the Wake of the Tsunami
Relocating to an island in the Indian Ocean may sound like a dream come
true, but when Patricia Stevenson (B.A., '85)
stepped off a plane in the Maldives last year, she quickly learned even
paradise has its problems.
Stevenson is working as a land-use planner in the Maldives through Voluntary
Service Overseas, a British charity similar to the Peace Corps. She
is helping with reconstruction in the wake of the devastation left by
the Indian Ocean tsunami.
During her two-year stay, she faces the daily challenge of helping to
provide clean water, reliable electricity, an adequate sewage system
and garbage disposal to the islanders. Many of the natives are still
living at basic subsistence levels.
"Some people use the beach as a toilet," Stevenson writes
in an e-mail exchange. "Many women bring their pots, pans and dishes
and wash them in the sea."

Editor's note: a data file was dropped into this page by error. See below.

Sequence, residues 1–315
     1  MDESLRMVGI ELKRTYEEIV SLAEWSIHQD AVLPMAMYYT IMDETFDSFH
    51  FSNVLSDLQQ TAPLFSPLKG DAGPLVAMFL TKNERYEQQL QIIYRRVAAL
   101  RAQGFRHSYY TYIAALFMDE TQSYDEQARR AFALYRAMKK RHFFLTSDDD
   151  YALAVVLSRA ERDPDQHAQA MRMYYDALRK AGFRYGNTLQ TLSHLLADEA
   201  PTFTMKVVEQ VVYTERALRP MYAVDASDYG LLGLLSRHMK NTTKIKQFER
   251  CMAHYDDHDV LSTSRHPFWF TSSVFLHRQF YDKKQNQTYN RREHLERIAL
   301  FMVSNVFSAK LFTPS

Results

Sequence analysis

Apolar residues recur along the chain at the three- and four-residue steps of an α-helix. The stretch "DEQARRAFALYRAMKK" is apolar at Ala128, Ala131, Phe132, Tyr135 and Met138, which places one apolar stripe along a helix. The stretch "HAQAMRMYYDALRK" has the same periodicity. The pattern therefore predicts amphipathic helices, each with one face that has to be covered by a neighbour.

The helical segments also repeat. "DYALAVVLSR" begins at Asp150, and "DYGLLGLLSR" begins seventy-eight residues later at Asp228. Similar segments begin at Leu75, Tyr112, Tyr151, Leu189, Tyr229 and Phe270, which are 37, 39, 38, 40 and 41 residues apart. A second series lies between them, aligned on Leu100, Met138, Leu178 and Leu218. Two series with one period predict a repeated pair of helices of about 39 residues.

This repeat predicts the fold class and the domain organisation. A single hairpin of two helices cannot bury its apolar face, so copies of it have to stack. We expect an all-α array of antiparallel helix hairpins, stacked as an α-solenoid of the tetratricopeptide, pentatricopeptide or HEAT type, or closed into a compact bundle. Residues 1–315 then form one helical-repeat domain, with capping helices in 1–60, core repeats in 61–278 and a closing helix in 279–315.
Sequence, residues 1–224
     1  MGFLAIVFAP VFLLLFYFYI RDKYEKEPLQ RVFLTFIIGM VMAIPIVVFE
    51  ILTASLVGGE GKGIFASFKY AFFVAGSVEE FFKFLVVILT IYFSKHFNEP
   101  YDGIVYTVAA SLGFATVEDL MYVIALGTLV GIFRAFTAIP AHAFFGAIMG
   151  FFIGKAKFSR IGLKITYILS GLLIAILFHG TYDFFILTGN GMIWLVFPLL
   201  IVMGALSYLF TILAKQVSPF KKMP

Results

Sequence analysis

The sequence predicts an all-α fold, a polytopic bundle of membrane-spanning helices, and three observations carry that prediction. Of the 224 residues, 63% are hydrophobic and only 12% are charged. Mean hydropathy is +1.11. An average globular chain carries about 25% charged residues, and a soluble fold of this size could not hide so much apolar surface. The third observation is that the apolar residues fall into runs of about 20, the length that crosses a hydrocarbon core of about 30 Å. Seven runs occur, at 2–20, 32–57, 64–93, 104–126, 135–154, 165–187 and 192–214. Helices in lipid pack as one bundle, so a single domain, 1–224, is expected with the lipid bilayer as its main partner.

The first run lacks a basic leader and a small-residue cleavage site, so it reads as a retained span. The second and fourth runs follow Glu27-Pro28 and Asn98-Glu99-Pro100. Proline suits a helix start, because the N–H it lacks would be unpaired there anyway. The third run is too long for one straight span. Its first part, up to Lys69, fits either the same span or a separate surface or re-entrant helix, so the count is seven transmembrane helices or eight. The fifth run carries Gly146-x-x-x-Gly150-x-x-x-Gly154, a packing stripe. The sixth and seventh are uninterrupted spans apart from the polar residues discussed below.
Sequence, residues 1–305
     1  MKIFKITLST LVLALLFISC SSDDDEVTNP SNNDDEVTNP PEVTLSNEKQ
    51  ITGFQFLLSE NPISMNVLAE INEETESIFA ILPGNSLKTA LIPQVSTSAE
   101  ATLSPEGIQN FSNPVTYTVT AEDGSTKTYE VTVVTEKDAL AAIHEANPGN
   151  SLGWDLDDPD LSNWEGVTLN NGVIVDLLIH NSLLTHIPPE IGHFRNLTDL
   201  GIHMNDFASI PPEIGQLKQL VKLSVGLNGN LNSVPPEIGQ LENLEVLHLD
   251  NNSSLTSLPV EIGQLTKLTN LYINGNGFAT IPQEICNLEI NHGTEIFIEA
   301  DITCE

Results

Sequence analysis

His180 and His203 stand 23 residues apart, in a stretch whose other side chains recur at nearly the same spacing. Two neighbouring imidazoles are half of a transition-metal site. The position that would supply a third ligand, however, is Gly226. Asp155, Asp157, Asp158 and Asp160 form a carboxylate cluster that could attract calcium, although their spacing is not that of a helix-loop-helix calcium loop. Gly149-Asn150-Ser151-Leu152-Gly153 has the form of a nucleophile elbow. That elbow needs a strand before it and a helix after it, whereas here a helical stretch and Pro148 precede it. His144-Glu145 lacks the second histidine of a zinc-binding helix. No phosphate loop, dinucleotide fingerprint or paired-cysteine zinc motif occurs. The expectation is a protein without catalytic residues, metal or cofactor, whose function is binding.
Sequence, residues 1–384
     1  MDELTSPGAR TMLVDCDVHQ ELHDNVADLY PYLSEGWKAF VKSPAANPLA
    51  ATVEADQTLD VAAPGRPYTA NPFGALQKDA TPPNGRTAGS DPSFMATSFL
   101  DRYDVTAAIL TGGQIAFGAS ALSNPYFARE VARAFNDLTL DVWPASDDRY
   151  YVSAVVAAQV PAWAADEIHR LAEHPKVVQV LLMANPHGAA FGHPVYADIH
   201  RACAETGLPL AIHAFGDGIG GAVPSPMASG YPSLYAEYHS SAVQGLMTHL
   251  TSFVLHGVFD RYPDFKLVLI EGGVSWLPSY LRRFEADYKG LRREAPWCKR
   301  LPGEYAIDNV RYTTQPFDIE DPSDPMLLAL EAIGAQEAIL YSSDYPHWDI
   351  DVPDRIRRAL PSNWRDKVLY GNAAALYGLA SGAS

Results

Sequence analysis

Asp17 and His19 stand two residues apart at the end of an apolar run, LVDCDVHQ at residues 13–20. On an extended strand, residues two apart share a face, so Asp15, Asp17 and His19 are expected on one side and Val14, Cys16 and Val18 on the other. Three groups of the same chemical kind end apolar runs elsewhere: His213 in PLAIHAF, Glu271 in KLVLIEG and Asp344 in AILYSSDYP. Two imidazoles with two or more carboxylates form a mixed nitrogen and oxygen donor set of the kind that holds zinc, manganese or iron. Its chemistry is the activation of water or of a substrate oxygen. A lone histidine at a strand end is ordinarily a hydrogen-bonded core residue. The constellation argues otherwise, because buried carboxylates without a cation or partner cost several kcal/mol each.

The Maldives, which lie to the west of Sri Lanka, are made up of 1,190
islands with maximum elevation of 8 feet above sea level. The combined
population is 270,000. Stevenson lives on the third largest island,
Kulhudhuffushi, where there is no sewer system and the power station
runs on diesel fuel.
Since the tsunami hit, many redevelopment plans previously in place
have been put on hold due to lack of funds. The Maldives suffered few
deaths as a result of the tsunami, but the tragedy caused enormous damage
to the tourist industry and left 20,000 residents homeless.
"I always wanted to work in developing countries," Stevenson
says. "My professors [at SFSU] inspired me and gave me the courage
to have a go-for-it attitude. I guess without that willingness to take
chances I would have never come to the Maldives."
After graduating from SFSU with a degree in sociology, Stevenson did
post-graduate studies in town planning at Oxford, England, while working
for the Oxford City Council Planning Department before she joined the
In addition to land-use planning, Stevenson is working on a list of
community projects in the Maldives which includes fundraising to rebuild
a preschool damaged during the tsunami.
For more information: www.vso.org.uk